School of Medical Sciences

Targeting the tryptophan metabolising enzyme, indoleamine 2,3, dioxygenase to reverse tumour-mediated immune suppression


The immune system in patients with advanced cancer, in the majority of cases, is markedly impaired. There is a growing body of evidence that tumours can acquire mechanisms that suppress the immune system. These mechanisms of tumour-mediated immune suppression pose a major obstacle to the success of cancer vaccines.

One mechanism whereby tumours can induce immune suppression involves increased expression of indoleamine 2,3-dioxygenase (IDO), the rate-limiting enzyme in the catabolism of the essential amino acid tryptophan. Cancer cells have been shown to express high levels of IDO, and recent reports in the literature have shown that there is increased IDO-expression by antigen-presenting cells in the draining lymph nodes of cancer patients. Silencing of the IDO gene in animal models resulted in lower rates of tumour development and growth, validating IDO as an exciting new target for cancer therapy.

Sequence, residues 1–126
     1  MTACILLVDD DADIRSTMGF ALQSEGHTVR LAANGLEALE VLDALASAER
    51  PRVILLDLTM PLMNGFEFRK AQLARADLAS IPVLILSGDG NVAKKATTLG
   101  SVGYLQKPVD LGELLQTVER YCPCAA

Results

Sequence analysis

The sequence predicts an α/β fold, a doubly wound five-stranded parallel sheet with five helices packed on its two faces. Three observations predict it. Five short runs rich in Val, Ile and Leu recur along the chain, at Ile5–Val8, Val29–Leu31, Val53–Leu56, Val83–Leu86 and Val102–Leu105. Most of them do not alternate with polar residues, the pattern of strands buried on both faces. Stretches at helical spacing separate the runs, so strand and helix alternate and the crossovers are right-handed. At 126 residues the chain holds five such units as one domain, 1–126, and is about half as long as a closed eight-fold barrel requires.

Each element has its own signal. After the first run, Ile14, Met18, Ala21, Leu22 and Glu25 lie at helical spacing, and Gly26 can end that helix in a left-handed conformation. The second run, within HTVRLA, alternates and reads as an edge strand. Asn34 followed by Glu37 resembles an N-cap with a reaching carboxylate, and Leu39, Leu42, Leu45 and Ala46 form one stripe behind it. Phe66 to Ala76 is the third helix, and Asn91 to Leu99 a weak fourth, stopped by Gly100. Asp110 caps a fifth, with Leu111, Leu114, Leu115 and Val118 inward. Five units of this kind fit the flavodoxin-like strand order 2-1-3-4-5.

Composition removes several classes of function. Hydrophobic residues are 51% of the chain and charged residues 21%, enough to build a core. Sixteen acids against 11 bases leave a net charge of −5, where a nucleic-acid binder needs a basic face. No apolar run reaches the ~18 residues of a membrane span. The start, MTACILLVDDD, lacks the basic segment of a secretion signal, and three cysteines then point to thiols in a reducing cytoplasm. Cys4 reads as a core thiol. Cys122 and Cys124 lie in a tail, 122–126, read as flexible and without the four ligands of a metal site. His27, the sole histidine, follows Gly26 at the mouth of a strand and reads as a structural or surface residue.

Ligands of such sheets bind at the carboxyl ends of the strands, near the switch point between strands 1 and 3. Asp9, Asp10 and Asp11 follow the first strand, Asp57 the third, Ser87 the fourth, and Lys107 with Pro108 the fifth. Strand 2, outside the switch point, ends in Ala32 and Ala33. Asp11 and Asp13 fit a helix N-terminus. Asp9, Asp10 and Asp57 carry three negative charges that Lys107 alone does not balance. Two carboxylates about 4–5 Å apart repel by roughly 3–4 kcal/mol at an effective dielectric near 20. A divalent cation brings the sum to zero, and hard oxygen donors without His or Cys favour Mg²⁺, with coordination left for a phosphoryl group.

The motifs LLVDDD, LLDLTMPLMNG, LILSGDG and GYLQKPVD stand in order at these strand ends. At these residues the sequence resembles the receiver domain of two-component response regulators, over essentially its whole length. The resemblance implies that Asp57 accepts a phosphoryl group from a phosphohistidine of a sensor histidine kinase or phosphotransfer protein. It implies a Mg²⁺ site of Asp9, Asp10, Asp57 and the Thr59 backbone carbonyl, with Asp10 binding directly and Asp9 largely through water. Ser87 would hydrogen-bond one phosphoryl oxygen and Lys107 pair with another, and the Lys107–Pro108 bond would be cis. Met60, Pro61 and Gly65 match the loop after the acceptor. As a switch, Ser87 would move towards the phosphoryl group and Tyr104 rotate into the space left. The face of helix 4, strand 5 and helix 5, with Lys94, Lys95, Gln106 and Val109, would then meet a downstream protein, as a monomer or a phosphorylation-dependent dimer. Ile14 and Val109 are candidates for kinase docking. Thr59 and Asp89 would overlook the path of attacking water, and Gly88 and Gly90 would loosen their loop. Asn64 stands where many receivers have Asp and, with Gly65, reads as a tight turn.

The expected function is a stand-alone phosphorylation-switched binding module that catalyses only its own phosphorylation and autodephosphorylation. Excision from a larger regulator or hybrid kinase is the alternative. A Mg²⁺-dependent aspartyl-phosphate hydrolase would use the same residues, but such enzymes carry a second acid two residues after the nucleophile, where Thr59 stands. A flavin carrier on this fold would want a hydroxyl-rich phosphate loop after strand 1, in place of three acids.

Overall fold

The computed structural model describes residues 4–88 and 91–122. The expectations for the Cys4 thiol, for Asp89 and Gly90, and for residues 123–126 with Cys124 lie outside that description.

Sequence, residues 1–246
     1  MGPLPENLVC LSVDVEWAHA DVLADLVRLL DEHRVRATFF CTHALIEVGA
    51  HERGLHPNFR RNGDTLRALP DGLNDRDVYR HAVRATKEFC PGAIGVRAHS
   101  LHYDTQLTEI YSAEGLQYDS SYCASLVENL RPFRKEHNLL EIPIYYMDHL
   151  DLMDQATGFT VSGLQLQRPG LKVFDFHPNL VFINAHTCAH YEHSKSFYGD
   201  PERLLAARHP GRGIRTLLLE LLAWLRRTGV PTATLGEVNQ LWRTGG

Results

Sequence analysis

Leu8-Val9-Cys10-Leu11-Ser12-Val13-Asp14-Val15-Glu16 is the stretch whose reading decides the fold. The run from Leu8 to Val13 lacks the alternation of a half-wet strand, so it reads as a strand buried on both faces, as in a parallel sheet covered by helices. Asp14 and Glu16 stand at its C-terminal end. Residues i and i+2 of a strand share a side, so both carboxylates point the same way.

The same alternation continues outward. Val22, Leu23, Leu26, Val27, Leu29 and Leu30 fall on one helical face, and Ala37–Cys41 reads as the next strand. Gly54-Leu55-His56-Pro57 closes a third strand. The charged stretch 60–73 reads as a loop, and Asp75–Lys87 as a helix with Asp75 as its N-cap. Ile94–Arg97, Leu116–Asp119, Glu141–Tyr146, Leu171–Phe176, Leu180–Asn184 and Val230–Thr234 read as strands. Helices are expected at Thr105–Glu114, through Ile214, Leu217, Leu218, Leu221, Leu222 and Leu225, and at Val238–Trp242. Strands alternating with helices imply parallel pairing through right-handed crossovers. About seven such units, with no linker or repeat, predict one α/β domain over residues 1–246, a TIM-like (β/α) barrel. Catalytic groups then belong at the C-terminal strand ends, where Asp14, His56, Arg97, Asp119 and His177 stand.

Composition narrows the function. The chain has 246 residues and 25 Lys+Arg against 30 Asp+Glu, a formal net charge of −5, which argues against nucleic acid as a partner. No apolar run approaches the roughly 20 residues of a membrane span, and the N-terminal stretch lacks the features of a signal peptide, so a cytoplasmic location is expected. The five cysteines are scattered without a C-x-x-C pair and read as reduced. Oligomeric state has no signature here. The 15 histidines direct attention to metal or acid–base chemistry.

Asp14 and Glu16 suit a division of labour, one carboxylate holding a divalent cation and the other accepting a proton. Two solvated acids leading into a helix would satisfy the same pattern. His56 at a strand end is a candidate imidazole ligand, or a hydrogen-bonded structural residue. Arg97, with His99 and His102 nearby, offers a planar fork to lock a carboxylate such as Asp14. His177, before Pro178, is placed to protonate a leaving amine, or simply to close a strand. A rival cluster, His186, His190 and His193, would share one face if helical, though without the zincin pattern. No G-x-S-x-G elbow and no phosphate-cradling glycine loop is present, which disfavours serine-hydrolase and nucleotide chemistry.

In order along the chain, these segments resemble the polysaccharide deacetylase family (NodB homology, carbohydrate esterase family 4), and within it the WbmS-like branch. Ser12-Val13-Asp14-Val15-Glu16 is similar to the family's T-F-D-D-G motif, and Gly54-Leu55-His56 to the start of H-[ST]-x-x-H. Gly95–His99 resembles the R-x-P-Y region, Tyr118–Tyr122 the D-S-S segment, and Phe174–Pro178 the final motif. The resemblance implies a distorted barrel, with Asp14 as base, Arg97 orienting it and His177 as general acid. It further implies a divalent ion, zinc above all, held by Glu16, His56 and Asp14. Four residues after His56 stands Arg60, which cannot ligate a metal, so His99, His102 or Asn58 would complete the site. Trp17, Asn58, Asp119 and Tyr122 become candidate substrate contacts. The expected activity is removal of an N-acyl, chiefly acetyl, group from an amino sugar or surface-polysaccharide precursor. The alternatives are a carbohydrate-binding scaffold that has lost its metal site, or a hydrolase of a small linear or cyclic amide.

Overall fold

We have established a new initiative at the ACSRC to investigate the potential of small molecule IDO-inhibitors as a novel approach towards restoring immune function for the treatment of cancer. We have established enzyme and cell-based assays for measuring inhibition of IDO activity. We have also established analytical methods for determining concentrations of tryptophan and its metabolites in biological fluids. Working closely with the molecular modelling group, we are probing the intermolecular interactions involved in ligand binding to the active site(s) of the IDO enzyme. This information will be used for the rational design and synthesis of novel IDO-inhibitors.

Our group is also exploring the effect of IDO expression by tumours on the host T-cell immunobiology; to better understand this mechanism of tumour-induced immune suppression.